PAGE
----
The PDF says we can map types to standard types such as signed integer, signed double ... so I would expect the definitions in #3 to be value.

#4 an error condition should be generated

#5 I agree that would be helpful

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Hi,
# 1 is possible. You can support this feature of declaring on a source line and defining on another.

# 2: This is possible as we defined integer to double is an implicit typecast that parser would support:

var i = 1;
i = 2;
i = 2.0;

The following.... i = "i" .... isn't possible.

Thanks
-Rama

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Hi,
#3 possible and valid.

#4, error to be printed in the output file and parsing stops.

#5, can you indicate what are other aspects you looking regarding syntax?

Thanks
-Rama

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I'm surprised #1 is allowed - the spec always declares variables and initializes them in the same statement. This is good, since it keeps the parser simple. IMHO, uninitialized variables just complicate things further. If uninitialized variables (#1) are allowed, what is the behaviour of using an uninitialized variable? Is it a runtime error?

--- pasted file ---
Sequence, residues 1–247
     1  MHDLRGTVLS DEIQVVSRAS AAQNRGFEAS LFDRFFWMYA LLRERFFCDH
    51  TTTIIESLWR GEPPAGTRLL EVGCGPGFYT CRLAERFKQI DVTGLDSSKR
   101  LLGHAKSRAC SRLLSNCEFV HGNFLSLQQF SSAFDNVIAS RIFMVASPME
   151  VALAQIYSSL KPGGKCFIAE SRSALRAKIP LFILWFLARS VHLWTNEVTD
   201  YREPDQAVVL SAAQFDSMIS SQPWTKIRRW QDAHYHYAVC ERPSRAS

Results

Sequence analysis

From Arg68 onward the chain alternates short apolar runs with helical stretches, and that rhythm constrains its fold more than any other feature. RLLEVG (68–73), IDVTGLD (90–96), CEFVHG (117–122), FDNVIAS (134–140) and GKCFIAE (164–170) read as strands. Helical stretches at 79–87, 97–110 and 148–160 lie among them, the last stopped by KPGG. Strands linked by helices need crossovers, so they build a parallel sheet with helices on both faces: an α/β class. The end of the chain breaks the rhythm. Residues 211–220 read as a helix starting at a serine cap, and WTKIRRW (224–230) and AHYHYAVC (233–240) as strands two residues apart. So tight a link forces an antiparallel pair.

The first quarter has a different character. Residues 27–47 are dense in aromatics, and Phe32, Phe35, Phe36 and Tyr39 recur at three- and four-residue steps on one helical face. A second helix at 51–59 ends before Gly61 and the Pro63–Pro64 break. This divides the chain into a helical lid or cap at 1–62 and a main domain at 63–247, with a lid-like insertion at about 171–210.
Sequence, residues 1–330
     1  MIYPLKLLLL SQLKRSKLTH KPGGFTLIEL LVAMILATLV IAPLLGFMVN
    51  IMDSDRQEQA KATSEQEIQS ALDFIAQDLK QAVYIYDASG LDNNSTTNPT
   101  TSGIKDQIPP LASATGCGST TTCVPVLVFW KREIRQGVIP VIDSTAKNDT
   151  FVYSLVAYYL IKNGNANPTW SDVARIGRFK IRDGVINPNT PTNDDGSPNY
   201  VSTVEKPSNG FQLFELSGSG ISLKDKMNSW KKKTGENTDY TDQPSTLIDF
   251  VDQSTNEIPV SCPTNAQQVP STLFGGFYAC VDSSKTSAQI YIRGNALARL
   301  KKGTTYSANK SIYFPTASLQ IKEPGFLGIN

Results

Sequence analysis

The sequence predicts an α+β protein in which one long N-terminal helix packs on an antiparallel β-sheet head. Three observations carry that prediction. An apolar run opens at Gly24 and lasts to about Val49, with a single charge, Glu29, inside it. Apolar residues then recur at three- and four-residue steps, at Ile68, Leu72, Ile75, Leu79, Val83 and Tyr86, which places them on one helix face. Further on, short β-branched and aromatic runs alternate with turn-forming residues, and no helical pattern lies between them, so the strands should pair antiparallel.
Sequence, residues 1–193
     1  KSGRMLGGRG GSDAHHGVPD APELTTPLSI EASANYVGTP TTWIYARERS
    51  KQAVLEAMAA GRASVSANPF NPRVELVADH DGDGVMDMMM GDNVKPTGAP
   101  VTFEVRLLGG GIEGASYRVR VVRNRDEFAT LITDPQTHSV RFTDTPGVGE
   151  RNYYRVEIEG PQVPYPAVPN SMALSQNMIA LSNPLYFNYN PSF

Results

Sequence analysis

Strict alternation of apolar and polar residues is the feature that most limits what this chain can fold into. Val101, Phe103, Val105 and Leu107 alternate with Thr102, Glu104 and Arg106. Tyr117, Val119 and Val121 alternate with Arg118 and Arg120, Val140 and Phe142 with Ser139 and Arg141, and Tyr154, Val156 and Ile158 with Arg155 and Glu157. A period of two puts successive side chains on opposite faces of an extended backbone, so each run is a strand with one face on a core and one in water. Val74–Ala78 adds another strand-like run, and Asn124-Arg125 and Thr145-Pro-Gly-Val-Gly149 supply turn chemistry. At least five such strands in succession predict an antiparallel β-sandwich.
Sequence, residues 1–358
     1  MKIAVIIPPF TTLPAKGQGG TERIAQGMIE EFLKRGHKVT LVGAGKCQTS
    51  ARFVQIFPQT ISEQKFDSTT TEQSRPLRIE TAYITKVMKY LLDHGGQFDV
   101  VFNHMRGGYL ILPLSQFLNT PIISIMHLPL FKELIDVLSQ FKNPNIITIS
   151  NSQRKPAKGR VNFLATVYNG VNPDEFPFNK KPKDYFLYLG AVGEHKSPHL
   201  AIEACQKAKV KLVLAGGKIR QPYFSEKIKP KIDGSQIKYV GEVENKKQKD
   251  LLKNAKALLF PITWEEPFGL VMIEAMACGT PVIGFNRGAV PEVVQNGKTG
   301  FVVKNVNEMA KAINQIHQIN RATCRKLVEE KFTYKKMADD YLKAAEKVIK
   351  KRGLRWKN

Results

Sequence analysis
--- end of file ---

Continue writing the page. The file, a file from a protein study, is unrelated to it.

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QuotingRama Kishan Malladi (Intel)
#3 possible and valid.

can the judges please double check this - #3 includes a unary negation operator..that's not mentioned anywhere in the spec. At present, the 4 operators take 2 operands. Seems this thread is turning into a list of ad hoc changes.

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Hi,
I got your point now. Yes, I mark this as invalid as it contains a unary negation operator which didn't indicate as supported in the problem statement. So #3 isn't supported.

Thanks
-Rama

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Quoting mdma I'm surprised #1 is allowed - the spec always declares variables and initializes them in the same statement. This is good, since it keeps the parser simple. IMHO, uninitialized variables just complicate things further. If uninitialized variables (#1) are allowed, what is the behaviour of using an uninitialized variable? Is it a runtime error?